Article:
Ishmael is the child who has to grow up too fast -- because of tragedy or poverty or the inability of adults to order and provide. I have a friend -- a successful businessman -- who took over the family finances at age 12, because his gypsyish parents couldn't manage money, and he liked regular meals and not being evicted by landlords; and while that's an extreme case, there are too many kids who have to take too much responsibility for their own lives because all the adults in their lives are too busy -- sometimes for good and plausible reasons -- to do it for them.

Ishmael is the child whose future is suddenly re-configured because of what someone else does -- as when parents divorce or remarry, or move abruptly, or stop going to church, or lose a job.

Ishmael is the child who is not expected to succeed -- so no one roots for him -- or believes in her. Someone else is allotted the prince's role, and Ishmael is left to be a frog.

Ishmael is the child whom nobody listens to -- or who is constantly put down for what he has to say.

Ishmael is the child who is blamed for everything.

I see lots of kids dealing with all sorts of family arrangements and parental choices. I see young people struggling to find people who won't disappoint them or dump them. I see teenagers who have so many things -- and yet are so emotionally needy. I see adults who are still dealing with the fears that came into their lives when they were small.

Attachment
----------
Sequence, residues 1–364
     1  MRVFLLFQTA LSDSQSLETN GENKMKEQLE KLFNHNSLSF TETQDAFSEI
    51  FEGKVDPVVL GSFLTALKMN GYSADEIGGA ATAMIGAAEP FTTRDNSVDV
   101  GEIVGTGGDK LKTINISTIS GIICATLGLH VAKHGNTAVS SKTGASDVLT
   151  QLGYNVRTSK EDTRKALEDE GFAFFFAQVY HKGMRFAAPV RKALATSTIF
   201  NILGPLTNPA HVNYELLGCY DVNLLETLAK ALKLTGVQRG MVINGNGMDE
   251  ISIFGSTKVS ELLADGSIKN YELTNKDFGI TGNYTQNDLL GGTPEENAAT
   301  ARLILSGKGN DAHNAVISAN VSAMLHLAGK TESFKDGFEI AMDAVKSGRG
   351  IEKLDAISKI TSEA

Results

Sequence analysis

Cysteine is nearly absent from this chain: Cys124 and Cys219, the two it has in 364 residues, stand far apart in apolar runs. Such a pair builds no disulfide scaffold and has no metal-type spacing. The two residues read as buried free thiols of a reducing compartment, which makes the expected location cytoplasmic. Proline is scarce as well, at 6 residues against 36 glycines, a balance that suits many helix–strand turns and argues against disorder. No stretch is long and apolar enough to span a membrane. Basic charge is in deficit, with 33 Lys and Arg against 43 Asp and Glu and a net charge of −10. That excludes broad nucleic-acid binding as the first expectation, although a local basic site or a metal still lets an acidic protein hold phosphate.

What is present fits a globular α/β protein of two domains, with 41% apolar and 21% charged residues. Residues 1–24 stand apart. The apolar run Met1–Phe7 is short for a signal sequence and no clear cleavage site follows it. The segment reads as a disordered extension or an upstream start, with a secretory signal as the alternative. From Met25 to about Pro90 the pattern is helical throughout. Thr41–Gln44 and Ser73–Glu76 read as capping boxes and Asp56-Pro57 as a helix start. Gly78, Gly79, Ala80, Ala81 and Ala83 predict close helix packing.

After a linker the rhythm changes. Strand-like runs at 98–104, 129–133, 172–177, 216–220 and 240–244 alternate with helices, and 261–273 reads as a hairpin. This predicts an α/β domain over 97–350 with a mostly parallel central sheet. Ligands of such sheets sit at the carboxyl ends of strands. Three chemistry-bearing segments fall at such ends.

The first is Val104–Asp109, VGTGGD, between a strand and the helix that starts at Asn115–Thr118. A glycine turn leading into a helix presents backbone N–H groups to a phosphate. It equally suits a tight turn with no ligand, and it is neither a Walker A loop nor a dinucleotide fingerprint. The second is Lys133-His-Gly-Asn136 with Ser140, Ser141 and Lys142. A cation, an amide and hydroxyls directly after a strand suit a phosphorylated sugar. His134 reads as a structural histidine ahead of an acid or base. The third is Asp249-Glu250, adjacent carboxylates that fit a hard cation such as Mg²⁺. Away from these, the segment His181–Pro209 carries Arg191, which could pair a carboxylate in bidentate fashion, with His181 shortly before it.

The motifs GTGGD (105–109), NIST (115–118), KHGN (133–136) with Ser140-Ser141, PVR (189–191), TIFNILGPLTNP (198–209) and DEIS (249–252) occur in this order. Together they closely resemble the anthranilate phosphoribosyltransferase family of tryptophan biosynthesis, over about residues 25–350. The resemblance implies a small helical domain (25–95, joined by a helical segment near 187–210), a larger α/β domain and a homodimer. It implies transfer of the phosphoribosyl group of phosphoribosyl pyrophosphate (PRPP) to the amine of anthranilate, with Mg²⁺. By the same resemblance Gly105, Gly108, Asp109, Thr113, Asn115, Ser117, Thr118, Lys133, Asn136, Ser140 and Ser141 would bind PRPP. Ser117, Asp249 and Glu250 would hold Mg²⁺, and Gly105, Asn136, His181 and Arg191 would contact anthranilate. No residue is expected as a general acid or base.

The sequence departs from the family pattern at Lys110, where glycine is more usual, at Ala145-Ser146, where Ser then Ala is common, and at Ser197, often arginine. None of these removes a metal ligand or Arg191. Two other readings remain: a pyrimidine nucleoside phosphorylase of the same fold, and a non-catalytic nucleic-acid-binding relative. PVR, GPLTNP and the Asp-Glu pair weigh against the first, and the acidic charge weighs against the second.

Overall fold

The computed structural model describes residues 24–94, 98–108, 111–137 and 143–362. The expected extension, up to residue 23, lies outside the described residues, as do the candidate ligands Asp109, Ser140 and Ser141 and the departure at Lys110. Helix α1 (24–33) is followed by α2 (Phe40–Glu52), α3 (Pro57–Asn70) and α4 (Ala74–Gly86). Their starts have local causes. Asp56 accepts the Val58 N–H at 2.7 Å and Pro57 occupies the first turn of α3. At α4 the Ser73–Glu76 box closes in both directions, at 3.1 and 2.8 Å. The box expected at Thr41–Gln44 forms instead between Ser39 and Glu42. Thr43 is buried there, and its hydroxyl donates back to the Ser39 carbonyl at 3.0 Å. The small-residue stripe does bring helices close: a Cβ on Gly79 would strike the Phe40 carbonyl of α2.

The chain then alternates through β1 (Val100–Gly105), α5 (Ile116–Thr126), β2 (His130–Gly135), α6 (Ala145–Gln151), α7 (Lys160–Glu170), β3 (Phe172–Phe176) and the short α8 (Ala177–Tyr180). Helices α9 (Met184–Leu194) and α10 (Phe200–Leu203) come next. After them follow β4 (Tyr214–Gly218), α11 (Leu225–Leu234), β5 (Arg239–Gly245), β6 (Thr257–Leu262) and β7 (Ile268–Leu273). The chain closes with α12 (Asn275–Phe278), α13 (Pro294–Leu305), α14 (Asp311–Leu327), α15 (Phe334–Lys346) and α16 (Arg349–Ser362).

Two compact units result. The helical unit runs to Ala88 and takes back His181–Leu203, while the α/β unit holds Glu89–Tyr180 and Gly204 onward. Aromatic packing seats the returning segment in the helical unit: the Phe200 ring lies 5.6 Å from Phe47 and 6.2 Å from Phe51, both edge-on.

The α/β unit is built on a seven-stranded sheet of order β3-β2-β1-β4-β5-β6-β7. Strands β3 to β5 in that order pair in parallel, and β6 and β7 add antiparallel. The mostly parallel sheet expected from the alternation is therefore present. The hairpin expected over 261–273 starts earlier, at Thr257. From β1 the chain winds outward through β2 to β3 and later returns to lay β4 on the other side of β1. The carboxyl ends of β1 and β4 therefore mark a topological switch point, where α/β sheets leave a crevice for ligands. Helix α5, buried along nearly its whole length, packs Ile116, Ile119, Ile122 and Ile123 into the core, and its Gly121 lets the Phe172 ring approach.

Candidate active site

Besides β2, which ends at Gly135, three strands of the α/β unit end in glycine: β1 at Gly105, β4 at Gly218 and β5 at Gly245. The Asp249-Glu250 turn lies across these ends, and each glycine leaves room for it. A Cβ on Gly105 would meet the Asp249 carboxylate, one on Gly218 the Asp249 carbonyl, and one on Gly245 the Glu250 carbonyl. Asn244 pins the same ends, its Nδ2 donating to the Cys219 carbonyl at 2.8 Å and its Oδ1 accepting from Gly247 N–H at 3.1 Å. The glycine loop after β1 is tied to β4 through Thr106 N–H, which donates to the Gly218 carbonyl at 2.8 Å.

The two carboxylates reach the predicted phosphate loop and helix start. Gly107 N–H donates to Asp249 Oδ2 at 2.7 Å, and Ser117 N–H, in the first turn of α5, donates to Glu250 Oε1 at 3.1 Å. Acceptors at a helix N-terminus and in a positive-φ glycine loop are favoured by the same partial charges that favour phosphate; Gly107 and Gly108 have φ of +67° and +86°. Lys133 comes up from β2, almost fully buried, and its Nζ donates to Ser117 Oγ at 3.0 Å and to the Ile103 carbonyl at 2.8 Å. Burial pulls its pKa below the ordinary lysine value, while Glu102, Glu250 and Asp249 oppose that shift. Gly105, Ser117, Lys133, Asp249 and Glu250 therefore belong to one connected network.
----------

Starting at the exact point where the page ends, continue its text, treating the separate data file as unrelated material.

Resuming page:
And I'm not talking about good families vs. bad families -- I'm not even talking about "good" kids vs. "bad" kids. I'm just pointing out that many a young person is carrying a load of fear, or disappointment, or regret, or worry that he or she struggles to bear.

Sometimes, as in the story of the biblical Ishmael, the situation that young person labors under comes very much from those who should have been his or her protectors and encouragers. But other times, the burden that young person bears has no obvious source -- no "villain," if you will -- but the burden is real, nevertheless.

The desire to find love, to construct meaning, to experience joy, to be relieved of suffering, to avoid pain is as natural to the young as to the old. And who will help them with this?

Well, God, of course. "God hears" their heart's cry -- and this is good news!
But when you have so much coming at you, it can appear that God, too, is not listening. So if those who are young are to know God cares about them, they are going to have to be shown it. That means the most important question is, "Will we hear?"

Everyone needs someone who believes in him. Everyone needs someone who will root for her. Everyone needs someone who will listen to you-- and everyone needs someone who will pray for you.

This is why I am such an advocate for the church doing more programs for children and youth: Not to "keep the kids busy" or even to "keep them out of trouble" -- but to bring them w/in the reach of people who can demonstrate that God hears them -- and will never desert them. Ministry isn't about the programs you do, but the relationships you offer: and Ishmael is looking for someone who will offer him the chance to belong, and be loved, and be listened to.

May he find his refuge here, among us.

In the Name of the Father, and of the Son, and of the Holy Spirit. Amen.
Tags: sermons